UK Ups Tax Yield From Expat City Workers

By Editorial 19 October, 2012

The UK tax authority, HM Revenue and Customs (HMRC), has upped its tax take from investigations into high income foreign workers by 23% over the last two years, according to new figures.

Data obtained by law firm Pinsent Masons shows that HMRC received GBP117.2m (USD189m) in additional yield from its "expat" team’s compliance work in 2011-2012. This was up from the GBP94.9m generated in 2009-2010 and the GBP110.8m in 2010-11.

As Pinsent Masons' Director Ray McCann explained, HMRC is cracking down on high income foreign expats, most of whom work for investment banks and hedge funds. He described these workers as "low-hanging fruit", targeted by HMRC because of the traditionally high yields such investigations can bring. McCann sees the increased tax take as particularly interesting in the wake of the credit crunch and recession, given that City bonuses have been slashed, employment figures reduced and investment banking revenues depressed. He believes that HMRC will have had to put in a lot of extra effort to achieve these figures.

McCann warned that it can be particularly tough for expats to try and navigate the UK tax system, describing it as containing many traps for the unwary. Those without a sophisticated knowledge of the system face a number of potential pitfalls, and the tax affairs of an expat can be intrinsically more complicated than those of a UK citizen. Property and investments in their native country can cause issues, as can the movement of funds from one country to another.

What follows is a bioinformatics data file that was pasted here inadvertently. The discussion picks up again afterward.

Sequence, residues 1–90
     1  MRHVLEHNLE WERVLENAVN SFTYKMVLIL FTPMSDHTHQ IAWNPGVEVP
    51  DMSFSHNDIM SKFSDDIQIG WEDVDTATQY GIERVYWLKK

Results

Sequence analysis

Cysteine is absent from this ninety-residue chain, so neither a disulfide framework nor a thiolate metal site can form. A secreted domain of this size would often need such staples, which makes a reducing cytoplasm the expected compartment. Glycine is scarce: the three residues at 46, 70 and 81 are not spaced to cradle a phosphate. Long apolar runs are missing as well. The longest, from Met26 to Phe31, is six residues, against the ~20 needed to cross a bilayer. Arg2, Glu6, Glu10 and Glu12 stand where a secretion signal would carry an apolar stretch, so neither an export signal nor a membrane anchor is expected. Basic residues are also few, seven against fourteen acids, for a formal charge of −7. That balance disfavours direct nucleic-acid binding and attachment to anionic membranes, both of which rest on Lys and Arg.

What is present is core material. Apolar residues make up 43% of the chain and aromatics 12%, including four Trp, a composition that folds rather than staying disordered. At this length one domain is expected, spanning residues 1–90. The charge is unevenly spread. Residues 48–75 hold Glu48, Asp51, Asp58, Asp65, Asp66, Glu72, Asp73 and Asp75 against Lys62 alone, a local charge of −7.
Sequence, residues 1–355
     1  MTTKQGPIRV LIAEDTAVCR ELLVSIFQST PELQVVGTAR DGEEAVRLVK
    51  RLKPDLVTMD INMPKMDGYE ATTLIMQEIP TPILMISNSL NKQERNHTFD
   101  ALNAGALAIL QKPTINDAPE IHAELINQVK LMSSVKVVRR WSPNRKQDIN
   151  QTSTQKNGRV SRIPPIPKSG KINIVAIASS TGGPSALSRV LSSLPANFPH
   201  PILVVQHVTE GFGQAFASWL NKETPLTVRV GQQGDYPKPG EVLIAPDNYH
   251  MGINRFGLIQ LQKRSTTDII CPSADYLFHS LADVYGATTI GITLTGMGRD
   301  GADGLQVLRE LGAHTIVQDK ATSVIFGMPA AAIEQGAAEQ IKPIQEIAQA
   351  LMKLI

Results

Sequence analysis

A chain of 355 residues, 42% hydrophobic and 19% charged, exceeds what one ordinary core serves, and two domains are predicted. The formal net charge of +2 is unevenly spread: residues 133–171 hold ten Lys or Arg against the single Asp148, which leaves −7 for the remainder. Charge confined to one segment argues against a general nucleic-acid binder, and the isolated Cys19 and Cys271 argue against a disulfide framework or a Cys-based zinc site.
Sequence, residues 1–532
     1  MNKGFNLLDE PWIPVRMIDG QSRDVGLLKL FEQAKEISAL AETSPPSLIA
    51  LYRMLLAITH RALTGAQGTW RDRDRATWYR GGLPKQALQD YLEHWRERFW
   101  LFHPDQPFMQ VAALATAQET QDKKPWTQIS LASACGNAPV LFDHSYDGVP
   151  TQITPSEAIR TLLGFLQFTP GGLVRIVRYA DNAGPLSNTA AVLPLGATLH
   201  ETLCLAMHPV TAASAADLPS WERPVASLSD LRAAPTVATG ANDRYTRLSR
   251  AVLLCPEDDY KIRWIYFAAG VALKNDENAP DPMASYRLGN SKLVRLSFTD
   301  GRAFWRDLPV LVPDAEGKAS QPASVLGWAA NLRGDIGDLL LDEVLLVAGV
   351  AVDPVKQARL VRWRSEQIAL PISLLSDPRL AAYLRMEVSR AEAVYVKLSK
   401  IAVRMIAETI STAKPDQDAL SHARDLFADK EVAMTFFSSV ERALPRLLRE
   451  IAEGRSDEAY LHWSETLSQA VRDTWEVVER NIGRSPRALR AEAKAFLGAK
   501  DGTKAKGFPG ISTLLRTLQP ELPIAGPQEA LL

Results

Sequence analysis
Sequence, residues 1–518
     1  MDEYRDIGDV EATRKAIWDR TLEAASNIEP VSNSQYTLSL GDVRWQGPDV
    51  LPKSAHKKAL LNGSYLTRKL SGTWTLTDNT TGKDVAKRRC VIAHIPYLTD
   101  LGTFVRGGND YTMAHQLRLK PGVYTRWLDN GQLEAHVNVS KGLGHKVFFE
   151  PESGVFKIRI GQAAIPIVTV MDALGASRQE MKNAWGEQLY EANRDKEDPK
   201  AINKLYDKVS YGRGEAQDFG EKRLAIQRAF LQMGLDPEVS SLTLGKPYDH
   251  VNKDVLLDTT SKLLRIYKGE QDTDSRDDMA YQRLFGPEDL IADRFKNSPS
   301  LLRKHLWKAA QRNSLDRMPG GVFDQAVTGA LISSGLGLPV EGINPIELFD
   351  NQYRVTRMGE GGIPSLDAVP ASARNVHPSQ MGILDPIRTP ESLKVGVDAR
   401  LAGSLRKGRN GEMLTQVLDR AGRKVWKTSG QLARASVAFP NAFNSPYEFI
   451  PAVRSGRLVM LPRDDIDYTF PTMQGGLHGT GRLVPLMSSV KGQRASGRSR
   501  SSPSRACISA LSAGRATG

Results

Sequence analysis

McCann explained: "How an expat uses foreign income or gains can result in a UK tax liability even where the funds do not actually come into the UK, a point that many get wrong so ensuring full compliance can be tricky without the right kind of advice.”

And things could only get tougher. The City is under ever closer scrutiny from HMRC, and Pinsent Mansons is warning that expats in the financial services sector are more likely to come under investigation for underpaid taxes. Tax planning schemes in particular are "now very much under the Treasury’s microscope", McCann emphasized, as are employer-financed retirement benefit schemes. HMRC is likely to "continue to mount a very aggressive challenge to these arrangements", McCann stressed.

Tags: Expatriates | Compliance | Wealth | Tax | Investment | Tax Compliance | Tax Avoidance | Law | Banking | United Kingdom | Tax Authority | Offshore | Professionals | Tax Planning | Revenue Statistics | Services |


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